Higher Education Quick Takes

Quick Takes

August 5, 2014

Chegg's new relationship with the Ingram Content Group could be key to Chegg expanding in digital textbook markets, The New York Times reported. Chegg was founded as a textbook-rental business and of late has been pushing to grow in e-texts. The Times noted that a major challenge for Chegg has been buying and distributing print textbooks, and that the deal with Ingram -- which will provide the physical texts -- frees Chegg to expand elsewhere.

 

August 5, 2014

In today's Academic Minute, Sean Morrison, director of the Children’s Research Institute at the University of Texas Southwestern Medical Center, explains how a new technique for understanding the way stem cells function reveals new clues about aging and opens an undiscovered world of biology. Learn more about the Academic Minute here.

 

August 4, 2014

The University of North Carolina Board of Governors has adopted a policy that will bar the UNC system's campuses from spending more than 15 percent of tuition revenue on financial aid, The News and Observer reported. Six of the system's campuses -- including UNC Chapel Hill and North Carolina State University -- currently spend larger proportions of tuition revenue on student aid. Officials at Chapel Hill, which has devoted considerable resources to expanding aid for low-income students, have predicted that the policy will lead to considerable increases in student debt levels. Proponents of the policy have said that the policy will limit tuition increases, and that such limits help all students. University officials have said that they plan to try to raise more money so that they can pay for financial aid that would be limited under the new policy.

 

August 4, 2014

Legislators and others are criticizing a draft policy under consideration by the University of Virginia's Board of Visitors that suggests that they should not publicly criticize decisions made by the board, The Washington Post reported. The draft distinguishes between debate before and after a decision is made. “After robust discussion of an issue, we strive to reach a consensus on the merits,” the draft says. “Visitors shall publicly support, or at the very least not openly oppose, the board’s action as a strong, visible consensus facilitates successful execution of policy and strategy.” Critics say that the policy is anti-democratic and anti-dissent. Others are criticizing the $200,000 paid to a consultant to help develop the policy. The board has been reviewing how it can function better in light of a governance crisis two years ago when board members attempted to oust the university president.

 

August 4, 2014

The U.S. Equal Employment Opportunity Commission has sued Harold Washington College for age discrimination against a 66-year-old adjunct English instructor, The Chicago Tribune reported. The suit says that, when the woman applied for a full-time position, she was passed over in favor of candidates who were younger and lacked her qualifications. A spokeswoman for City Colleges of Chicago, of which Harold Washington College is a part, declined to comment.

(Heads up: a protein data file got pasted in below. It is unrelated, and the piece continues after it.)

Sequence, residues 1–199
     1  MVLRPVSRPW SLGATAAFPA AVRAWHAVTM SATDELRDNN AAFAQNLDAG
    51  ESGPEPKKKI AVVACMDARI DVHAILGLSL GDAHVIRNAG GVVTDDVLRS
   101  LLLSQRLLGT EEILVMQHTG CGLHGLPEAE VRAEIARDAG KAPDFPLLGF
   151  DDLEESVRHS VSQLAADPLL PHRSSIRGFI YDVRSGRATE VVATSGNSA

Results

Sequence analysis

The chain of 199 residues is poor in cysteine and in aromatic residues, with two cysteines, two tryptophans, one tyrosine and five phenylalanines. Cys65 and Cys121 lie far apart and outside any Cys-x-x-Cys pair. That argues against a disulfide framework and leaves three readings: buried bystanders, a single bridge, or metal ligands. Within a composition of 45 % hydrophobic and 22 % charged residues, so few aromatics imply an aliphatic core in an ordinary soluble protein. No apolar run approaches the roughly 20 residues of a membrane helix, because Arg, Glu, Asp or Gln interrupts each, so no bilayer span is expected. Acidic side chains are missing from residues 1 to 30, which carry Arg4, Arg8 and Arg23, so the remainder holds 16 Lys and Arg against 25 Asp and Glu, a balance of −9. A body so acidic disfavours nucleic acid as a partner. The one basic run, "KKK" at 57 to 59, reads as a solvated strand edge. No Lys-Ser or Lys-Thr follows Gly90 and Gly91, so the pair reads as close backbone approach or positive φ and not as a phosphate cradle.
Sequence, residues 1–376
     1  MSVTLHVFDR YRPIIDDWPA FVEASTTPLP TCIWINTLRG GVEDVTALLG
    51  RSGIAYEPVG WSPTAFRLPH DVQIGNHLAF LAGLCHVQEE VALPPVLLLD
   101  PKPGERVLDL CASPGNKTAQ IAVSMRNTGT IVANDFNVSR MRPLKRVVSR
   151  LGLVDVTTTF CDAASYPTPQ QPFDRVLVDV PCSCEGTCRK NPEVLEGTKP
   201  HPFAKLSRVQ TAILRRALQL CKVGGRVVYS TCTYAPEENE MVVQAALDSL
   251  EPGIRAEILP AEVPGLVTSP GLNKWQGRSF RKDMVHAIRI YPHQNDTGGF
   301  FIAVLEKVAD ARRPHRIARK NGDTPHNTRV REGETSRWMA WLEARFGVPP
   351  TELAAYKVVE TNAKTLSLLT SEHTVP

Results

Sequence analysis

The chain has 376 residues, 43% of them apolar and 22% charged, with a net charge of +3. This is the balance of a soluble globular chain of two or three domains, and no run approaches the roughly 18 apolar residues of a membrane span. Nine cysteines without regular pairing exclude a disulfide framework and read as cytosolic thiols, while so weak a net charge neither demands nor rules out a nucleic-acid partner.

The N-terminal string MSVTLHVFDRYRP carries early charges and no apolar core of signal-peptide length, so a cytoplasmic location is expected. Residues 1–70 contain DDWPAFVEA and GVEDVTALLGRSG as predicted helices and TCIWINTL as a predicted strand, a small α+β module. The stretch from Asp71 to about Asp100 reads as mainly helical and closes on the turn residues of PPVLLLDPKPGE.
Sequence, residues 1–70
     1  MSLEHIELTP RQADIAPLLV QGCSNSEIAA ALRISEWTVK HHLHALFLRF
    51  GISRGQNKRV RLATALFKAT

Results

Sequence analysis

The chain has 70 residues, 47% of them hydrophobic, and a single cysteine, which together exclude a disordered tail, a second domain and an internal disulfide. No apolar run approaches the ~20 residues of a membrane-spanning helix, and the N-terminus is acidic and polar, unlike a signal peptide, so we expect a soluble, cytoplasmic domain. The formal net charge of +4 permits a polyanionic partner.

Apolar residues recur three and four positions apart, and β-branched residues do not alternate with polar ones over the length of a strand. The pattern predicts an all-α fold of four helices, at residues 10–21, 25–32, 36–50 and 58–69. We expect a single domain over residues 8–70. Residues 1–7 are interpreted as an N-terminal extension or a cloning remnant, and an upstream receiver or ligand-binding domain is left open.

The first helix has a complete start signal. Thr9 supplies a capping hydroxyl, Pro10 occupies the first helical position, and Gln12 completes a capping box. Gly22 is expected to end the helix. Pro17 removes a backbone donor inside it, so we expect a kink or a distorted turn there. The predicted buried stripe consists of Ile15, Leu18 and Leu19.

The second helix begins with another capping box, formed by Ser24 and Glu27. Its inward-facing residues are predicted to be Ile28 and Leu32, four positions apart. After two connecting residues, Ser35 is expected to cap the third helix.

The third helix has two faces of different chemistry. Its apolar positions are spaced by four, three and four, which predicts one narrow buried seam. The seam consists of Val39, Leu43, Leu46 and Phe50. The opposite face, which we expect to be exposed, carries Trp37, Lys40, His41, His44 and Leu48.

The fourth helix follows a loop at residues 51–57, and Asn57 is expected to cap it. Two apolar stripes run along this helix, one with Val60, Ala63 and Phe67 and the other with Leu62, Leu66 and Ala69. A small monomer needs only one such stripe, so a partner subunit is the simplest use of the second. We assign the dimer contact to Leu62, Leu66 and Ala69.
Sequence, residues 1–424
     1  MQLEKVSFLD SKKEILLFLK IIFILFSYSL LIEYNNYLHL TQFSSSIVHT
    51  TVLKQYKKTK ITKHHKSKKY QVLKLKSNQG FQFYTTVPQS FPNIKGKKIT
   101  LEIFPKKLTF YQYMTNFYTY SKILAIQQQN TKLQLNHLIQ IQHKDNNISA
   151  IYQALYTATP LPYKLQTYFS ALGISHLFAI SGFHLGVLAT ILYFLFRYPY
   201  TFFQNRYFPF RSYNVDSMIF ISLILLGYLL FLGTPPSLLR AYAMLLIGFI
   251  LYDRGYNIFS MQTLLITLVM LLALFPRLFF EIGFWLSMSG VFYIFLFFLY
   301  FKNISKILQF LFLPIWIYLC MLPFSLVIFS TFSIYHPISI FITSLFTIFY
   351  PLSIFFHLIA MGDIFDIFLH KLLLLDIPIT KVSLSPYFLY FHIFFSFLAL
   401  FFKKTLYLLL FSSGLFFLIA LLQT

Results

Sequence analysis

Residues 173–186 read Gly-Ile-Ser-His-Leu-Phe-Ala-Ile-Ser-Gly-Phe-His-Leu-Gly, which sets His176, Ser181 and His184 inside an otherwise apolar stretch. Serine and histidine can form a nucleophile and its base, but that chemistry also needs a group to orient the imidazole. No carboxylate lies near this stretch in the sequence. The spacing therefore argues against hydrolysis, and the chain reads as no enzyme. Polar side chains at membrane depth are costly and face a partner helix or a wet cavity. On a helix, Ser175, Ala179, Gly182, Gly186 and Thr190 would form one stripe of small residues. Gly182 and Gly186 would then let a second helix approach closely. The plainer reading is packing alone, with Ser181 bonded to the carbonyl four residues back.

August 4, 2014

Many American colleges and universities are recruiting more undergraduates from China. An article and video in The Chicago Tribune explore the issues related to the University of Illinois at Urbana-Champaign recruiting about 600 freshmen (around 10 percent of the class) from China. As recently as 2006, Illinois was enrolling only about 20 new undergraduates from China. This year, Illinois held three orientation sessions for Chinese students while they were still in China.

 

August 4, 2014

The interim president of Kentucky State University, Raymond Burse, asked his board to cut more than $90,000 from his $350,000 salary so that raises could be given to those who earn the least at the institution, The Herald-Leader reported. The money will be used to raise the salaries of those who earn less than $10.25 an hour (considered by many to be the lowest livable wage) to that level.

August 4, 2014

On the new This Week, Inside Higher Ed's news podcast, the University of Maine's Elizabeth Allen and Kevin Kruger of NASPA: Student Affairs Administrators in Higher Education joined Inside Higher Ed Editor Scott Jaschik and the moderator Casey Green to analyze the firing of a major university's band director over allegations of hazing in his program -- and what it says that so many people rallied to his defense. And the University of Pennsylvania's Joni Finney joined us to discuss new data about the 31 million Americans who attended college but have no degree, and the implications for the national "college completion" agenda.

 

August 4, 2014

South Korea's Duksung Women's University has withdrawn invitations to three Nigerian students to attend a conference attracting students from many countries, Reuters reported. The university said that it "politely withdrew" the invitations after a student at the university urged that the entire conference be called off to avoid the spread of Ebola. The university is going ahead with the conference, including 28 students from Africa.

August 4, 2014

The Air Force Academy has ordered a probe of its athletics department after a report in The Colorado Springs Gazette about numerous violations of academy rules and the law by athletes and the way some officials in the past have looked the other way. The Gazette article describes how "cadet athletes flouted the sacred honor code by committing sexual assaults, taking drugs, cheating and engaging in other misconduct at wild parties while the service academy focused on winning bowl games and attracting money from alumni and private sources in recent years."

 

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